Sign up FAST! Login

What We've Learned About Interviewing

Stashed in: Hiring, Culture, Jobs

To save this post, select a stash from drop-down menu or type in a new one:

There is no one brilliant solution to the interviewing problem.

Deciding if someone should spend 40+ hours a week with you for the next several years is a very hard question to answer based on a couple hours of contact. The one tried-and-true method we have is the interview.

Interviewing is based more on tradition and "doing what the guy who interviewed you did," than hard science. With rare exception, it's impossible to tell if you are hiring the best candidates, or missing some of the best. Each company has their own formula, and even the worst systems (looking at you 90s era Microsoft) are allowed to persist for decades.

There is no one brilliant solution to the interviewing problem. Evaluating the developers you have hired is an unsolved problem, much less trying to evaluate everyone you don't hire. It's best to avoid the "clever" solutions and stick with a simple formula.

More and more, the brainteaser method of interviewing is looking like a flop.  Stick to the basics and try to determine which important concepts the interviewee is already familiar with.  

"He knows X,Y & Z which usually correlate to successful devs, but has some holes with..."

Then figure out if they are a culture fit or not.  

Culture fit seems more important than skills fit as long as the person can learn.

I personally try to evaluate people for personality fit and culture fit almost to the exclusion of evaluating or proving their technical skills. For the most part I trust what people put in their resumes. If they're a bullshitter, you can usually tell that by talking to them. And if they're good liars and are lying about their skills they will be in trouble once they're expected to actually perform.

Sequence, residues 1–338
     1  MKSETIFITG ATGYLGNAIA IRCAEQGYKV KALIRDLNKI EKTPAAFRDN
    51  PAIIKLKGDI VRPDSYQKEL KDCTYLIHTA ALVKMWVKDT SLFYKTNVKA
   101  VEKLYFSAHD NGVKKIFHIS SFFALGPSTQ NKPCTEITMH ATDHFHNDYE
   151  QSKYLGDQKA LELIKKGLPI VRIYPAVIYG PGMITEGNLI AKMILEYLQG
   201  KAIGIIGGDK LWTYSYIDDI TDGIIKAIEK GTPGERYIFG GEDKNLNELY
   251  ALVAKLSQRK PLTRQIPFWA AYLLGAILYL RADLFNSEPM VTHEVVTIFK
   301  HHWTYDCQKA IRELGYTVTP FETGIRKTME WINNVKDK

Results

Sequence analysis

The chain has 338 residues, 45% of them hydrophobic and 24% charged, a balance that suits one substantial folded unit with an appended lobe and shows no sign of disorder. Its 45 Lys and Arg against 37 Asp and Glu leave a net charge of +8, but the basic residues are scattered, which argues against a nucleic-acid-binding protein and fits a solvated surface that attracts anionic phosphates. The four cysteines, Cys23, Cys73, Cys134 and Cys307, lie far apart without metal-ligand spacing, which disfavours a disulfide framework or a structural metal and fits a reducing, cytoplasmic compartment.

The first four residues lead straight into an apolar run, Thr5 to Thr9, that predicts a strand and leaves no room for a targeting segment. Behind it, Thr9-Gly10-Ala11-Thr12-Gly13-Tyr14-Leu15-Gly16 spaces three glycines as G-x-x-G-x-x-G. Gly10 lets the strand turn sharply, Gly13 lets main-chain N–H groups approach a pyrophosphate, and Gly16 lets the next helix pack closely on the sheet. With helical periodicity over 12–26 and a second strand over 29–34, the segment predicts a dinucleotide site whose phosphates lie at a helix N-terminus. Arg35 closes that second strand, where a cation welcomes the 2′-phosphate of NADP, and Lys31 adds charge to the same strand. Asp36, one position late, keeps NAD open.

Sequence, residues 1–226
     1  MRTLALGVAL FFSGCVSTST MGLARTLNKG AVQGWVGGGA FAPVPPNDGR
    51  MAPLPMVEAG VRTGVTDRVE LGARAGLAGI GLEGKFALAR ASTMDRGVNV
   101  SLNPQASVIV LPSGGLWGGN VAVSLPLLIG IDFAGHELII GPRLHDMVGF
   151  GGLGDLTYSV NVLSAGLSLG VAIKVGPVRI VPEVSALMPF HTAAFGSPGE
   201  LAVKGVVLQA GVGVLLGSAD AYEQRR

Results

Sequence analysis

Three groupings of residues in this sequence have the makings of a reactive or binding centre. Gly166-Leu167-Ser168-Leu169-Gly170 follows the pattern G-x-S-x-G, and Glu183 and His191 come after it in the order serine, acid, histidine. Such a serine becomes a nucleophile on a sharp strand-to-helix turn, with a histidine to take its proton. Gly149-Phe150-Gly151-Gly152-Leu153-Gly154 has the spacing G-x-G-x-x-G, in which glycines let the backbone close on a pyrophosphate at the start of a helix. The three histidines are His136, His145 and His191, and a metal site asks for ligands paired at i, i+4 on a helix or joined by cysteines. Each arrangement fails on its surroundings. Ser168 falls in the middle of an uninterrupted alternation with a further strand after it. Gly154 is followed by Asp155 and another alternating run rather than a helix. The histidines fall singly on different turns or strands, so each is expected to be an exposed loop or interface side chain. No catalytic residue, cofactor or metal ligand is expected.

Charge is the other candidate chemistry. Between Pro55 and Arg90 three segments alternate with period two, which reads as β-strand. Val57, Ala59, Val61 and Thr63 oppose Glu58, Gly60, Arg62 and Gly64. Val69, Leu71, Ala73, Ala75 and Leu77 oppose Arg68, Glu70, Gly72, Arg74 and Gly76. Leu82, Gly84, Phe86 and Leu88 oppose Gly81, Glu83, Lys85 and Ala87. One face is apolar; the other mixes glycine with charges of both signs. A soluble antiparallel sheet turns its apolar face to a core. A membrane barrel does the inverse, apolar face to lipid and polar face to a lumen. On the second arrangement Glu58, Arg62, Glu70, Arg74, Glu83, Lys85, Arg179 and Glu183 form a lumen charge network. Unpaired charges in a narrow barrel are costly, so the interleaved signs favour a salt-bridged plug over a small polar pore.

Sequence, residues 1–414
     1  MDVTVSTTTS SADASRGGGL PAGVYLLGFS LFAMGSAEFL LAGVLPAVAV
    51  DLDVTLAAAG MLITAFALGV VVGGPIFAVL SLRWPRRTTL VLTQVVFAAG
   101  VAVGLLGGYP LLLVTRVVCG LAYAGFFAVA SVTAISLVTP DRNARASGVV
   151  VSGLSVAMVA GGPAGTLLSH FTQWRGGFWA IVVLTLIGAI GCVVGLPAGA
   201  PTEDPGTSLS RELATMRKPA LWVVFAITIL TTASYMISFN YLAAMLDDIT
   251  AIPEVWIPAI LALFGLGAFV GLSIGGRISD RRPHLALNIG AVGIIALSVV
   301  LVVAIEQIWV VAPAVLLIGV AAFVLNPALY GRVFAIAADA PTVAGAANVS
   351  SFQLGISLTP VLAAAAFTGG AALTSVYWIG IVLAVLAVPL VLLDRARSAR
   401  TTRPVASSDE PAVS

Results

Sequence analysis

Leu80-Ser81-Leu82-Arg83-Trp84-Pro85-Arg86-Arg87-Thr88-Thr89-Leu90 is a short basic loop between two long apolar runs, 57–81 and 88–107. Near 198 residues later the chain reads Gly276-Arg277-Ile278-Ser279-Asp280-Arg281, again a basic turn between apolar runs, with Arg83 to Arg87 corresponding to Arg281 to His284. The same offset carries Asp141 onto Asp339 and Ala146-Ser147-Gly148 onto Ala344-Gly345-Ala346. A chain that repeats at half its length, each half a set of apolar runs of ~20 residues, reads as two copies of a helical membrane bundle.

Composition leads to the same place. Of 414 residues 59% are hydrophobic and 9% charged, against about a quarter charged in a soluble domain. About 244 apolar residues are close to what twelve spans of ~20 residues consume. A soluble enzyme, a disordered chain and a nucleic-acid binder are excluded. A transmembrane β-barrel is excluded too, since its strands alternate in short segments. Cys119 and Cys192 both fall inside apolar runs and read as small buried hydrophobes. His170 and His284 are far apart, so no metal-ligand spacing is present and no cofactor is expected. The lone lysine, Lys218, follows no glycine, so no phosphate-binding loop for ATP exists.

Brainteasers are retarded. I went to an interview a few days ago where they gave me some riddle about 4 guys crossing a bridge in pairs with a flashlight, and then a question about efficiently searching a binary tree or some shit. Neither question correlated with what the job entailed in any meaningful way, but instead are meant to show "how you think." I prefer to just invite the candidate to have a beer with the team, and perhaps ask them to do a small coding exercise afterwards, both as a test of their interest in the company and, secondarily, as a RELEVANT test of their skills.

You May Also Like: